Awarded the Queen’s Gold Medal for Poetry (2004), Hugo Williams won the Eliot Prize in 1999 for West End Final, a collection that earned him an earlier Forward listing. I Knew the Bride appears a safe choice. A cursory glance shows poetry which might be considered quintessentially English – mainly page-length poems, divided into stanzas of equal length. The collection opens with a New Year poem, finishes with the poet’s bedtime plea to the Muse, and in between there’s a clutter of railway porters, slightly Gothic graveyard scenes and sit-up-and-beg bikes by sheds. All this is laced with some diverting pop cultural references, starting with that titular homage to Nick Lowe. Are these but the lines of a poet who used to rock’n’roll? Read it aloud to find out … and suddenly Williams’ slant rhymes and rhythms rag the neat verse, set up informal almost-refrains and a taste in crunchy sound bites –
You lay on the rack of yourself,
murdered by your skeleton.
Beyond the page, everything becomes more dangerous, which should not surprise us. Born into a theatrical family, Williams’ poetry remembers music halls in rundown seaside towns, sad clowns in knowingly bathetic performances; childhood recollection underscores adult experience. The series Now that I’ve Forgotten Brighton lines
Our room was a summer birdcage
swinging from a hook
to the more worrying –
I thought of all my girlfriends
gathered together on a stage,
each of them holding up her year[.]
That’s all very well, but atmosphere and nostalgia don’t demolish poetic barricades. Fortunately that categorisation underestimates this poetry. There’s far more “blood, sweat and Bovril”, and a sharper searching through life, though death is never distant. The poet possesses a mordant wit, finely-tuned with irony. In “Patent Pending” a fresh corpse is likened to pinball machine, and life-saving hospital equipment riffs to the theme of classic westerns.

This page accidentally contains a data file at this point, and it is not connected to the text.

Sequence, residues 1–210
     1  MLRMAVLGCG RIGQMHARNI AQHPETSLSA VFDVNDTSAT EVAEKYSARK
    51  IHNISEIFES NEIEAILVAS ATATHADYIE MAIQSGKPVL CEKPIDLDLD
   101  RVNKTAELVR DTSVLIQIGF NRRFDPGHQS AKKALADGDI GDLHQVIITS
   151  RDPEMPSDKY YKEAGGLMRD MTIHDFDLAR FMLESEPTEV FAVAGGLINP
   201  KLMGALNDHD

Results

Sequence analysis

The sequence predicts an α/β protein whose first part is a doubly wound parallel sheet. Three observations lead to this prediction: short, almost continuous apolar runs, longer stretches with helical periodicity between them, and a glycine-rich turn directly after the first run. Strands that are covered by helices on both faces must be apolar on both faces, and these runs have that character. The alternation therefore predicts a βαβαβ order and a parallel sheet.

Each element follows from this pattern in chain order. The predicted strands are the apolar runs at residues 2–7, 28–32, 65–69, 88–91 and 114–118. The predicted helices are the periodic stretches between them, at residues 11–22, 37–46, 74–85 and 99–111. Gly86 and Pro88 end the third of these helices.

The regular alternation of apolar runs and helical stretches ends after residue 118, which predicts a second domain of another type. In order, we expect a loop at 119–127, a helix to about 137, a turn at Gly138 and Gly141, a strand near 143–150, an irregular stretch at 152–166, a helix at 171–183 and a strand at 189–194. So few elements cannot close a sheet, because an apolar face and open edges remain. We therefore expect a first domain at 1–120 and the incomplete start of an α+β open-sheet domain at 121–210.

Mostly written in the first person, Williams’ wit flenses out any suggestion of indulgence; he is unflinching in his self-observation even in the grimmest moments. “That must be me over there”, “I nearly mentioned it once”, and “after a while I didn’t seem to mind” smack initially of a gentle parody of over-polite vague Englishness (and he is very capable of that), but then build to speak deeply of fears, dislocation and disassociation; a first person voice with a third person perspective. This is at its most finely honed in the beautiful titular poem, tracing his sister’s final illness and death, and in the truly extraordinary series From the Dialysis Ward. Rarely has an artist been able to detail his own harrowing illness in quite such a graphic way. John Bellamy’s drawings made immediately after his liver transplant seem a close creative relative. Williams delivers with sardonic wit, and his favoured blast of pop references. Postcards from the edge indeed.
Of his sister,
You fought a five-year war
with that foul thing
which deals in hope and fear,
two against one,
like the two brothers who tormented you.
Willliams continues, at his sorest, blackest –
‘What you don’t realise’, you said, […] ‘is that hair goes with everything.’
Williams manages to follow this long, remarkable poem with the short double-entendre of “My Sister’s Records” which segues into “The Fifties”, and beyond.
The series charting his battles with renal failure blisters with painful satire –
I’d have to recommend dialysis
to anyone looking for a break
in their daily routine.
A medical journey cut through with candour, popular culture, yet the series is bookended with Hardy, journeying with Shelley’s heart.
So, don’t be lulled by the surface of I Knew the Bride – it’s a rock of a read in more ways than one. Who knew that we’d meet the Jesus of Cool in the Dialysis ward?